Mostar, Bosnia

This entry is part 3 of 7 in the series Backpacking the Balkans:

  1. Backpacking the Balkans – Introduction and Our Route
  2. Dubrovnik, Croatia
  3. Mostar, Bosnia
  4. Sarajevo, Bosnia
  5. Durmitor National Park, Montenegro
  6. Kotor and Jaz Beach, Montenegro
  7. Photos from the Balkans

Leaving beautiful Dubrovnik wasn’t something we were too excited about, especially since it was our last stop in Croatia (for this trip – we’ll definitely be back!). Bosnia & Hercegovina (Bosnia hereafter, to save on keystrokes and spelling errors) is a country we were much less familiar with, other than we knew there was a war there in the 1990s. We were pleased to discover that it was one of the most beautiful and interesting countries we visited in our 10 months of traveling.

Mostar old town and bridge

Mostar old town and bridge

There are two major tourist destinations in Bosnia, Mostar and Sarajevo. Our first stop was Mostar, which is located in the unpronounceable Herzegovina region that makes up the other half of Bosnia’s official name. It is most famous for a beautiful medieval bridge that crosses the Neretva river which runs through town. The bus ride there was very scenic, and when we arrived in town, we did our tourist duty and walked up (and ate dinner near) the bridge. It was very pretty impressive. One thing our hostel offered was to coordinate a jump from the 20m (60ft) high bridge into the river, complete with lessons and a wetsuit (the water is cold there, as its all runoff from the mountains). Others choose to save the 25€ and do it without lessons. While we were eating dinner, we witnessed one guy (obviously not trained) climb over the railing and do the jump. Happily, he lived to tell about it.

Our hostel, Deny Rooms, and its neighbor, Tito’s Hostel, offered a Hercegovina tour that offered a unique opportunity to see some off the beaten path attractions in the countryside. Herzegovina is in the southern half of Bosnia, and was our first introduction to the diverse cultures that have ruled in Bosnia, the war and the feelings of the local people 20 years later.

Us at the Kravice waterfalls

Us at the Kravice waterfalls

Quick history lesson: The Bosnian War is way too complicated to begin to explain here, so read up online, but this specific area was under siege by the Croats (ethnic people of Croatia) for a few years in the early 90s before they made peace. The northern part of Bosnia, specifically Sarajevo, was under siege by the Yugoslav Army and the Serbs, and that siege lasted several more years after there was peace in Hercegovina. But I’ll get into that more in the upcoming Sarajevo post. Almost all of Mostar was destroyed during this time, and the famous bridge, which stood for hundreds of years, was destroyed by Croat rockets. It wasn’t rebuilt and reopened until 2004, when tourism finally started returning to the area.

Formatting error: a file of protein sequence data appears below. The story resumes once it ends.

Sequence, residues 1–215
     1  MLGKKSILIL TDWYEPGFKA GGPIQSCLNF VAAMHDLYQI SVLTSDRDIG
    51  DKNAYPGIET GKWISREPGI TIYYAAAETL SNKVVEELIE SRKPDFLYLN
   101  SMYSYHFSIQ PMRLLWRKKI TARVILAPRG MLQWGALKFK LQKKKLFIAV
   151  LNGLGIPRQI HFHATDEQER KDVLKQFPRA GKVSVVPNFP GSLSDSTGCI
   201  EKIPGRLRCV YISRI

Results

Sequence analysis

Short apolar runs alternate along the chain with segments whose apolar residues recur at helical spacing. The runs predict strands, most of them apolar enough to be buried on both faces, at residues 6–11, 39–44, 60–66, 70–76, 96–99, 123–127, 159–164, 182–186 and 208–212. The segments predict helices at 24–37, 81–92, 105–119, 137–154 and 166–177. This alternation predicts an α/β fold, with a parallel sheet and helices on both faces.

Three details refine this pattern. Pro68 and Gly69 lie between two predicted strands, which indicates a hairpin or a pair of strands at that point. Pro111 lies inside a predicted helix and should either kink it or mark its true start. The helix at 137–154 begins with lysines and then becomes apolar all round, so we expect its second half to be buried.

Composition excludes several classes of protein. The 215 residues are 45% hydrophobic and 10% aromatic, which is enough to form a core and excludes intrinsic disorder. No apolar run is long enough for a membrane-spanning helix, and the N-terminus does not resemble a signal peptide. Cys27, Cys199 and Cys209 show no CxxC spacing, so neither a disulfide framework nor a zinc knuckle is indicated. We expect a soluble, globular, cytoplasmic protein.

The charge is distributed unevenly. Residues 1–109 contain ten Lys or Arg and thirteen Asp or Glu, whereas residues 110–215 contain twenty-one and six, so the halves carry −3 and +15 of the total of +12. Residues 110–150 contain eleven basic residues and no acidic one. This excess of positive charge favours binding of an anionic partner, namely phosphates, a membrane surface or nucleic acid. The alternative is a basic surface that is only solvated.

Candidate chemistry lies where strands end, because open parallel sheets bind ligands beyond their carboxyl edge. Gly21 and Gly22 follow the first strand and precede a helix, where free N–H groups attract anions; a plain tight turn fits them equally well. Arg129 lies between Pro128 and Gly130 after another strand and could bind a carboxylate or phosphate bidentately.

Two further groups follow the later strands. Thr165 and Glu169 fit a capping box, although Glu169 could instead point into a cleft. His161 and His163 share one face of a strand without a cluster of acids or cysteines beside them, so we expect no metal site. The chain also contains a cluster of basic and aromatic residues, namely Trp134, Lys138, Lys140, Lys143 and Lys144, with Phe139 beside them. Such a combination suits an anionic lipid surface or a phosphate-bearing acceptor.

Our first stop was breakfast by the tourist area near the Buna river (Blagaj Tekke). We learned how the Bosnians cook meat and cheese pies called burek in a covered pot, which was a traditional method used by the Ottomans through their rule until WWI. We visited the highlight of the area, an old Ottoman Dervish (kind of like a monk) house set against a beautiful cave.

Afterwards, we went to the Roman Catholic church in Međugorje, which the Bosnians consider the third pilgrimage site for Virgin Mary enthusiasts, behind Fatima in Portugal and Lourdes in France. The Vatican does not actually recognize the site as an official pilgrimage destination, because not enough people have been healed when visiting there. We happened to be there on the 33rd anniversary of the apparition of the Virgin Mary in a cloud seen by 4 local teenagers  so there were thousands of Catholics, mostly from Italy, there to commemorate. There were also a lot of shops cashing in on the hoards of tourists.

The fortress at Pocitelj

The fortress at Pocitelj

The next extended stop was at the waterfalls at Kravice, the tallest of which were about 25m (75ft) high. They were really beautiful, and there was a nice picnic area to watch the falls. Our guide encouraged us all to go swimming, even though the water was cold (he said people did it in February, so we shouldn’t be afraid). We all jumped in (because you rarely have the chance to swim in a waterfall in Bosnia) and the water was freezing. We swam up to the waterfalls, and got to explore some caves behind them. By the time we got out, we were all a bit blue, so we warmed up with some tasty Bosnian bar-b-que.

Our final destination was a small medieval town called Počitelj, which was invaded by the Croat army and its residents forced to flee. Today, only about 30 people have come back to the town, and only one child has been born there in the last 10 years (it was a big deal). The town is famous for its fortress and city walls, which were beautiful, but it was hard to ignore the tragedy of the town’s history nearly wiped off the map.

Our time in Mostar was short (there wasn’t much else to see, really), so we were off to Sarajevo the next morning, but we did make time to go to Ali Baba cave bar while we were there. It is a bar in a cave, and yes, it’s as cool as it sounds. Except for the large bed in the back of the bar – not sure what was up with that. A neat place to have a drink after a heavy day in Mostar.

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